French video game company Ubisoft announced a roadmap for its upcoming Tom Clancy’s Rainbow Six Siege esports events. By virtue of the ongoing COVID-19 pandemic, all tournaments will not host an audience throughout at least February next year.
The Rainbow Six 2020 esports campaign will be concluded with the Regional Finals 2020 taking place from November through January. While the Latin American League Finals will be held as a LAN event following strict sanitary safety measures, the three remaining regional league finals in Europe, Asia-Pacific, and North America will be conducted online. The Asia-Pacific Finals will be split into three division finals (North Division, Oceania, and South Asia) and the North American League Finals will be split into the Canada Division finals and the US Division Finals.
The main annual event of the competitive Rainbow Six Siege calendar, the Six Invitational 2021, will be held in late February and mark the first major international tournament in the scene since the previous Six Invitational took place in Montreal in February of this year. The Six Invitational 2021 will host 20 teams from the four main regions of the Rainbow Six esports circuit, which will compete offline without an audience and following strict sanitary safety measures. The event will be held in a to be announced location and venue in Europe.
Ubisoft will release information on the May and August Six Majors 2021 next year.
Furthermore, the company made a statement on the Rainbow Six World Cup, which was announced in September of last year. Because the World Cup is planned as an independent layer of competition with no impact on the regular Rainbow Six esports circuit, Ubisoft decided to postpone the inaugural Rainbow Six World Cup to 2022.
Published at Thu, 26 Nov 2020 16:30:26 +0000
A new channel focused on geek content and esports is being aired on Brazilian broadcast television. The channel is called Loading, and it is born with the potential of expanding the reach of a kind of content already popular on the internet, bringing some of the main esports names known on the web to the TV, including local esports journalists Barbara Gutierrez from IGN Brasil, and Chandy Teixeira from GE, owned by Globo, the biggest communications group in Brazil.
Loading’s CEO Thiago Garcia spoke with The Esports Observer about the project, revealing that it is owned by Grupo Kalunga, responsible for one of the biggest electronics shops in Brazil and master sponsor with naming rights to the esports organization Red Canids Kalunga, which owns a spot in the Brazilian League of Legends Championship (CBLoL) franchise and is one of the main esports teams in the country.
“Loading is the result of the convergence of three fronts: the first is the fact that Grupo Kalunga has acquired the broadcasting concession of the former MTV Brasil channel at public auction. So there was the infrastructure for the project and, especially, the TV signal. The second front is the experience I have as a former Consumer Insights Leader at Globo. I studied the content production and distribution market extensively for years. With this technical knowledge, we identified a great opportunity in the market due to the poor representation the young audience has in today’s media. Currently, virtually no medium communicates with these young people with relevance. And the third front is the love and engagement of all professionals involved since the beginning of Loading’s creation for content related to western, oriental pop culture, and the universe of esports and games. We believe that what really connects people and what will make them watch the shows is the passion with which we curate all this content.”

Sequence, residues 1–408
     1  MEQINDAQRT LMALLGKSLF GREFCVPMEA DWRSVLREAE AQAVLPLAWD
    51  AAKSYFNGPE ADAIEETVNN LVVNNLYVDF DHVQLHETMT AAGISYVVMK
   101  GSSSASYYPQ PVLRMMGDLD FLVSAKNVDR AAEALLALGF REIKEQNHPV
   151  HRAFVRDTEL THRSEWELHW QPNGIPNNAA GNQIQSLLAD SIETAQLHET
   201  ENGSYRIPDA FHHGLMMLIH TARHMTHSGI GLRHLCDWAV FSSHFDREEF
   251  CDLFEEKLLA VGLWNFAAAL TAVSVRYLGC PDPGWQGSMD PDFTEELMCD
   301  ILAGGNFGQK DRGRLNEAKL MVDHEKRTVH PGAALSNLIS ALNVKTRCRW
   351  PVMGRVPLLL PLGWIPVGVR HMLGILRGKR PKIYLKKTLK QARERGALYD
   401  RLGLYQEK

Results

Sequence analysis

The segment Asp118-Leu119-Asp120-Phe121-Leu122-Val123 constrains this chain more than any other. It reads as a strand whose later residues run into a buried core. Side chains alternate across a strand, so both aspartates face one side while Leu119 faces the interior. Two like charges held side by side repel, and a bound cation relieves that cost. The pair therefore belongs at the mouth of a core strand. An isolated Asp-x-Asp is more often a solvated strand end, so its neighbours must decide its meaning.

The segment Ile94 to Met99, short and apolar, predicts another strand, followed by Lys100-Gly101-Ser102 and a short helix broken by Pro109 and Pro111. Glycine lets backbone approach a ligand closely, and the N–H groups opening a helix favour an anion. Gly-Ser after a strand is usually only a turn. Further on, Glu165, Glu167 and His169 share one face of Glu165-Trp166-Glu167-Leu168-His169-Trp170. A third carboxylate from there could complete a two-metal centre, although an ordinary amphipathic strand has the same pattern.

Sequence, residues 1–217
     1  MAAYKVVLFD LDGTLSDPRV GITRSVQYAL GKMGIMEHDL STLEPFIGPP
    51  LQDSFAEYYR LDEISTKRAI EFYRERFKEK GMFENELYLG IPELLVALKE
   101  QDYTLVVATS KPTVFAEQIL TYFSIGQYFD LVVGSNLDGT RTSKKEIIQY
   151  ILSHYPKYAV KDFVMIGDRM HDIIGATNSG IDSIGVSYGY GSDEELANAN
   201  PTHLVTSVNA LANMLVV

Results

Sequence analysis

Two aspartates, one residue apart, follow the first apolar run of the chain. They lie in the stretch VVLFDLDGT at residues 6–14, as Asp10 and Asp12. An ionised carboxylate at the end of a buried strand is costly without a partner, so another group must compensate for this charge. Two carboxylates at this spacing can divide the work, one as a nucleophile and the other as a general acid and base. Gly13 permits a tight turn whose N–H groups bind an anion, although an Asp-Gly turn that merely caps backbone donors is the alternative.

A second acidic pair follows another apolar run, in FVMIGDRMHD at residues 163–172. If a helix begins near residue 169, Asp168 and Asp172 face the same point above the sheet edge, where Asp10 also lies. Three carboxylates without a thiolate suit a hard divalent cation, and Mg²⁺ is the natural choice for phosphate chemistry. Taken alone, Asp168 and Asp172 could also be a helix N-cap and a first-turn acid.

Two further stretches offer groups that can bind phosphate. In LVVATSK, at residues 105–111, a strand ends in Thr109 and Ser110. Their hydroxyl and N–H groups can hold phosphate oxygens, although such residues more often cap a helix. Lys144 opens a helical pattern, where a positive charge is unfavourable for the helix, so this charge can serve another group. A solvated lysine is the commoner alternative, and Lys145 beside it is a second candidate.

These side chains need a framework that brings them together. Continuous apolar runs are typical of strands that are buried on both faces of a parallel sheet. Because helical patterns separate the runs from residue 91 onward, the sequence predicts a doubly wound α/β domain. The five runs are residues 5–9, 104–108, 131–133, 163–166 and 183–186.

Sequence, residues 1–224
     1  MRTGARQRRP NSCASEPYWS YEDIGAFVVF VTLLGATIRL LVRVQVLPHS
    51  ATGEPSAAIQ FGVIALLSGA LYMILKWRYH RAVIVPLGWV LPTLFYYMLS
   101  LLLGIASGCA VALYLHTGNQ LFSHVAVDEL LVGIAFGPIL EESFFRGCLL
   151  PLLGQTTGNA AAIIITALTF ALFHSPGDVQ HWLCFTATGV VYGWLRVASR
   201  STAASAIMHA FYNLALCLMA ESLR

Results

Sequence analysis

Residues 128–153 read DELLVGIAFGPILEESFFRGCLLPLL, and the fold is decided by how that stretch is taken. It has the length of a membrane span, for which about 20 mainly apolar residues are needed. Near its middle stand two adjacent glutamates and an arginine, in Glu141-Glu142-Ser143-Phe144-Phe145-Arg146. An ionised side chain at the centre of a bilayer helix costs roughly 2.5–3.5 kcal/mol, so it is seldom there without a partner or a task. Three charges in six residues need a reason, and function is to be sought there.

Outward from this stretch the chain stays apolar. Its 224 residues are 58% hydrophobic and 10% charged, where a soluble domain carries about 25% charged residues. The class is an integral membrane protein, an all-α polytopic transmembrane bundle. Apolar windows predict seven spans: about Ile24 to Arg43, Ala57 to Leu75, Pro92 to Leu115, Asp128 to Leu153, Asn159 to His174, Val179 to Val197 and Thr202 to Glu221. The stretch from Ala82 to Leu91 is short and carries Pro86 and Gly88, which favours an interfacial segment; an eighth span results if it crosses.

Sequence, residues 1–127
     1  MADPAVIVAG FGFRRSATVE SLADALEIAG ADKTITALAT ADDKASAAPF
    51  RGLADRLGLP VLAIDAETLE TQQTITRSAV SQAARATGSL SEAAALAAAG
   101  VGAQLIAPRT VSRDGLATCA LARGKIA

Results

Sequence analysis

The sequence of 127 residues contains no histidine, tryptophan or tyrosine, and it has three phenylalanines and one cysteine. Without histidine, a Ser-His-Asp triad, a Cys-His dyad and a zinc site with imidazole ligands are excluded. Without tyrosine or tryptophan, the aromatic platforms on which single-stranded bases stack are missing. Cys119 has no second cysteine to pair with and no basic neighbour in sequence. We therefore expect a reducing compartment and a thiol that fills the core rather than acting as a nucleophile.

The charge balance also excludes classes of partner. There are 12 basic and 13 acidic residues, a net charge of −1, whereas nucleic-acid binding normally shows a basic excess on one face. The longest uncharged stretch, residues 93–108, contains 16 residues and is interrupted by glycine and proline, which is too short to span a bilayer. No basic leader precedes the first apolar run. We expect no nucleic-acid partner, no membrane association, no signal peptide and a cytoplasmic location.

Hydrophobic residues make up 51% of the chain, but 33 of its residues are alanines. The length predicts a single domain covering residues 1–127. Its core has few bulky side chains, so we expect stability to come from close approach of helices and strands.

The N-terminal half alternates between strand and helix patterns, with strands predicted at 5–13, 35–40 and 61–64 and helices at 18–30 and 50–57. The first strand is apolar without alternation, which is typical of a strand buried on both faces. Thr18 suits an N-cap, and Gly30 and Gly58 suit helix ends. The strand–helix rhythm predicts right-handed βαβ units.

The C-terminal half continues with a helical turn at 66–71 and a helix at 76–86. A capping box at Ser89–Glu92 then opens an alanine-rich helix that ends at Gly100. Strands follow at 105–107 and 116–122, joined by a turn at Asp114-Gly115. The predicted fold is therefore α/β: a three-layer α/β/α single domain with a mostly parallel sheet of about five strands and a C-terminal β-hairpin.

Loading’s content will not only be available on broadcast TV, but also on pay-TV, on-demand channels, live streaming, and social media: “Loading is not just TV, but an omnichannel platform,” Garcia said, “The content will be customizable, making the best use of the characteristics of each platform. All of that content will be made available to the public free of charge.”
The broadcast TV signal to be used is 32 UHF, having the fifth-biggest coverage in Brazil and using a band formerly used by MTV in the country, which was shut down in 2013 due to a business decision of the Brazilian communications group who managed it. Loading is now even operating in the same building formerly used by MTV Brasil in São Paulo.
Regarding the esports content in the channel and the possibility of acquiring broadcast rights of competitions in Brazil and around the world, Garcia said that “esports and games have been in our DNA since Loading’s conception. The platform was born to embrace and give voice to this community in Brazil. We are passionate about esports and games, and we can guarantee that we will have many attractions about this universe, including a daily program on the subject and the broadcast of competitions, but for strategic and confidential reasons under contract, we are not yet able to reveal more information about the acquisition of rights.”
Loading will also rely on pop culture attractions, having confirmed the former Omelete (Brazilian entertainment content website) Fabio Gomes in its crew and the anime Saint Seiya: The Lost Canvas as one of its attractions. Sponsors and commercials for the channel have not been announced, but Garcia assures that there is “a commercial team formed and in the field to attract advertisers and develop branded content and brand entertainment projects. We are currently unable to [disclose] the number or names of these partners. But we guarantee that it will be released soon.”
The total investment of Grupo Kalunga in the project was not revealed.
Published at Thu, 26 Nov 2020 15:59:48 +0000